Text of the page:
Tension Kiwi Crate


Kiwi Tension final

This month’s crate for Travis from Kiwi Co was all about push and pull. Between puppets to push and turtles to pull, there was lots of hands-on fun in this one.

First up were the Push Puppets. Travis helped rig together a base that relies on tension, meaning lots of wooden pieces held together by rubber bands, nuts, and bolts.

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To assemble the puppets, thread one end of the provided elastic through a hole in the wood base, and then layer on three wooden beads. These look like little people: a body, a head, and a hat!

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Two sticky wiggle eyes complete each person. Pushing on the wooden lever now releases the tension on the elastic, and the puppets fall flat.

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Needless to say, Travis thought this was a riot! We could add the provided backdrops for little puppet shows that took place at the beach or in the moonlight.

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He colored his own background of a big hairy spider on the blank sheet of paper. Oh no, the puppets fell down in fear!

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Next up were Woven Turtles. This was the crafty Art part of STEAM for this crate, with a turtle shell to weave from yarn on a wood frame. This project came right on the heels of several other weaving activities we’ve done this summer, so Travis is becoming more dexterous at the motion.

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It was a lot of yarn, though, so he still needed me to take over! The fully woven shell is then adhered to a foam cut-out of a turtle, with a nut and bolt to fasten things in place.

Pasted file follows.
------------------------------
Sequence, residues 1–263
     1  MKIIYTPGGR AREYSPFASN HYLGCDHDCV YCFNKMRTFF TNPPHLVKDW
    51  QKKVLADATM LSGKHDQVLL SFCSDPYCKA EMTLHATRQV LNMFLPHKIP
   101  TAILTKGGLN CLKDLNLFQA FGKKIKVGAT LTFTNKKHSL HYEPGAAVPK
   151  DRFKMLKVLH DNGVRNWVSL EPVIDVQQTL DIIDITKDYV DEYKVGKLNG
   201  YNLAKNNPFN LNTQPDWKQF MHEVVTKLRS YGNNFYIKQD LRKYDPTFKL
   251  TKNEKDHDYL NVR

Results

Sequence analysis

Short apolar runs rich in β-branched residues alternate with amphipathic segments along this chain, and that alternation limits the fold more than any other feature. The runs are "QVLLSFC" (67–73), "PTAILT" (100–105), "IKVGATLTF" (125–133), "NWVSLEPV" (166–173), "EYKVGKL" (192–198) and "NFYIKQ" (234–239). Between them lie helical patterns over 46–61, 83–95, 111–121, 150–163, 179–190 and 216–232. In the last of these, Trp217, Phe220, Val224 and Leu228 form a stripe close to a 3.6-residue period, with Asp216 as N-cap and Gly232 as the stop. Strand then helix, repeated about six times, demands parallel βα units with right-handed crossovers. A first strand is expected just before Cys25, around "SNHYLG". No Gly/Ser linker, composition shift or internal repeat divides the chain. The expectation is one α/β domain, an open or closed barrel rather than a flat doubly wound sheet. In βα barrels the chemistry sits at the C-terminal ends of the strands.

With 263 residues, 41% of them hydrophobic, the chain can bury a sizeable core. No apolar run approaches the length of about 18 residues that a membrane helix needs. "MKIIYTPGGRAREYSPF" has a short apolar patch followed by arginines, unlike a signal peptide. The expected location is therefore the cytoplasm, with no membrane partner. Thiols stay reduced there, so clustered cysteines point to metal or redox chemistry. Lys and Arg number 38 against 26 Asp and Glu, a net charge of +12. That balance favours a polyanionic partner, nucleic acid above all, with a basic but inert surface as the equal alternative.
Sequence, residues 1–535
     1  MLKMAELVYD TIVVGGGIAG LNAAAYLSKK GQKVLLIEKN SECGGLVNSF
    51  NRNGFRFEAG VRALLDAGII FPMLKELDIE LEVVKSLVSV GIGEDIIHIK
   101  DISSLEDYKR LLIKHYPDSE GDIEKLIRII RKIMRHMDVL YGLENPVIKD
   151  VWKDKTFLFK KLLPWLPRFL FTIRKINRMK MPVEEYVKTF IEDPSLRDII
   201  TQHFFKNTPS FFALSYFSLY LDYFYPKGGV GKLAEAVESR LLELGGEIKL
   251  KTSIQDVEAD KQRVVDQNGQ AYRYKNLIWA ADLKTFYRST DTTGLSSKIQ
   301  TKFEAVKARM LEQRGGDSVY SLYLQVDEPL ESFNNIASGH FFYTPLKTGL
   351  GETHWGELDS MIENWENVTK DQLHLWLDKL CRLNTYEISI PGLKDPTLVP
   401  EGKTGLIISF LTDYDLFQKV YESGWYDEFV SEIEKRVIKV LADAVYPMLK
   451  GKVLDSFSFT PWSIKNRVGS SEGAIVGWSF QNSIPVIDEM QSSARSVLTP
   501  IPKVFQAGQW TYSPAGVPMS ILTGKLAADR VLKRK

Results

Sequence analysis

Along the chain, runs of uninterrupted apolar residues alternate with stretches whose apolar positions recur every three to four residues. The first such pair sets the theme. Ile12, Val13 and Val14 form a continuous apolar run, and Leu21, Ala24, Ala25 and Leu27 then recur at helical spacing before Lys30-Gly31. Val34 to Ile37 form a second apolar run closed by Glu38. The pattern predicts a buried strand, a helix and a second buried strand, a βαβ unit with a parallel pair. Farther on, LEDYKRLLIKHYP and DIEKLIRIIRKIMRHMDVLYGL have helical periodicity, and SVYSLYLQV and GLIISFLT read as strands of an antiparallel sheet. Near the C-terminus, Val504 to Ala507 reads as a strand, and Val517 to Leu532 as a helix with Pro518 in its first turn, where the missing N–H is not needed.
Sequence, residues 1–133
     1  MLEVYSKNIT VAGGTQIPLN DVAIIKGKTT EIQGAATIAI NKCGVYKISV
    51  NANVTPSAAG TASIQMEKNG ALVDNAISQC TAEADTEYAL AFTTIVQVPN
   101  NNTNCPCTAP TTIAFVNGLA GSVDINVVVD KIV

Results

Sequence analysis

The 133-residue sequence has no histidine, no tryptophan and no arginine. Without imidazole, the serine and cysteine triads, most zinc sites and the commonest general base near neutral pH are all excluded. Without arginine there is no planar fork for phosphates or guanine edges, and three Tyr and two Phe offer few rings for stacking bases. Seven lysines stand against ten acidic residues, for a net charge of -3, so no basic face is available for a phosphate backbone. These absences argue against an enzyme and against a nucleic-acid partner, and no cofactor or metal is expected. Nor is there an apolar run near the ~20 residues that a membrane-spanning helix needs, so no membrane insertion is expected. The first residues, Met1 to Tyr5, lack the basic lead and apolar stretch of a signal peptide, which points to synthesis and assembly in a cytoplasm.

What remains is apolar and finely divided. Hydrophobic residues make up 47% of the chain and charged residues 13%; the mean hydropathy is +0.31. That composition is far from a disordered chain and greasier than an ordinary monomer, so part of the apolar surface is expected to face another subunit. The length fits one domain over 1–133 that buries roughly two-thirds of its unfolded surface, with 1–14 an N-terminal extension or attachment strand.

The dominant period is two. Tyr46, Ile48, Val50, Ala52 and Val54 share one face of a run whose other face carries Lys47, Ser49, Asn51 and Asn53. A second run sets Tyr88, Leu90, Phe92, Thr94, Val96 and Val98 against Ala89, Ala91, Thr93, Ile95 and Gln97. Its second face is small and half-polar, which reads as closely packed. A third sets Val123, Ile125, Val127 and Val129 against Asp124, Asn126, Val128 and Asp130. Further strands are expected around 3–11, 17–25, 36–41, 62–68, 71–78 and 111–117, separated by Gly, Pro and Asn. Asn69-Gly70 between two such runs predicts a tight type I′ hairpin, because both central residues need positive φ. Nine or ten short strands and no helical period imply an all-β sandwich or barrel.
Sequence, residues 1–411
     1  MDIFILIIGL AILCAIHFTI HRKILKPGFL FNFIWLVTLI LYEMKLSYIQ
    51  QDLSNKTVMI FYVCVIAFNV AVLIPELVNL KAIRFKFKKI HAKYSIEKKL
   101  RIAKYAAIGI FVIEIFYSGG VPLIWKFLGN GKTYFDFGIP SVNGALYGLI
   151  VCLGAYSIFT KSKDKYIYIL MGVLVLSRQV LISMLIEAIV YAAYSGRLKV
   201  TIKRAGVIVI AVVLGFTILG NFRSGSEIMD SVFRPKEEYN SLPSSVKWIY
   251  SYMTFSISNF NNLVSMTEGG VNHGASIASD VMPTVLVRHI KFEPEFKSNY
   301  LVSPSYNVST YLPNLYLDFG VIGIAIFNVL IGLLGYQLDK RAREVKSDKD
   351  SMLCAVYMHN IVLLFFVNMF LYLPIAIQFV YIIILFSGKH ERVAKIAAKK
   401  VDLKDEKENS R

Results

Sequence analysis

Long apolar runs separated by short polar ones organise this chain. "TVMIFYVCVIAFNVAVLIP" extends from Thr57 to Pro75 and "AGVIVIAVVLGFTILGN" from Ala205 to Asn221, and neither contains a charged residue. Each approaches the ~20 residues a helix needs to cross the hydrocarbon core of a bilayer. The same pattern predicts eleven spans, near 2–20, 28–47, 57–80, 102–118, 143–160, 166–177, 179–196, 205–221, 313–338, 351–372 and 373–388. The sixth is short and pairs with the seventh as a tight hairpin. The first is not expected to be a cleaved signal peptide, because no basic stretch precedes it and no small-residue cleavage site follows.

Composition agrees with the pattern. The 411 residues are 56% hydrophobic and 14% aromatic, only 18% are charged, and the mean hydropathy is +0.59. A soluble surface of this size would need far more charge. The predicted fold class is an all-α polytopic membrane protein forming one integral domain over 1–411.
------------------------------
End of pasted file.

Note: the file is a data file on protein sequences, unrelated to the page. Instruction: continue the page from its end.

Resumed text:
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Travis added wiggle eyes and a little straw in the turtle’s nose. We made two because now it was time for… a Turtle Race! Use the provided blue tape to attach a piece of straw to the edge of your Kiwi crate (or any similar box).

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Tie the provided string to a table leg, making sure it’s at the same height as your prepared turtle.

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Thread the string through the straw on the turtle’s nose, and then through the one on the box. Add a wooden bead at the other end of the string, securing with a double knot.

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When you give the string quick tugs, your turtle moves from the table leg to the box. Here he goes:

What’s more fun than watching one little turtle scoot along? Making it a race of course!

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Mommy’s turtle won by a nose!

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In addition, Explore magazine had fun facts about ways people use ropes and tension in everyday life, whether the cables of an elevator, the strings of a guitar, or a game of tug-of-war. So of course we needed to play the latter!

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Finish with a read of the following:

  • Give It a Push, Give It a Pull, by Jennifer Boothroyd
  • Cece Loves Science: Push and Pull, by Kimberly Derting

Kiwi Tension books


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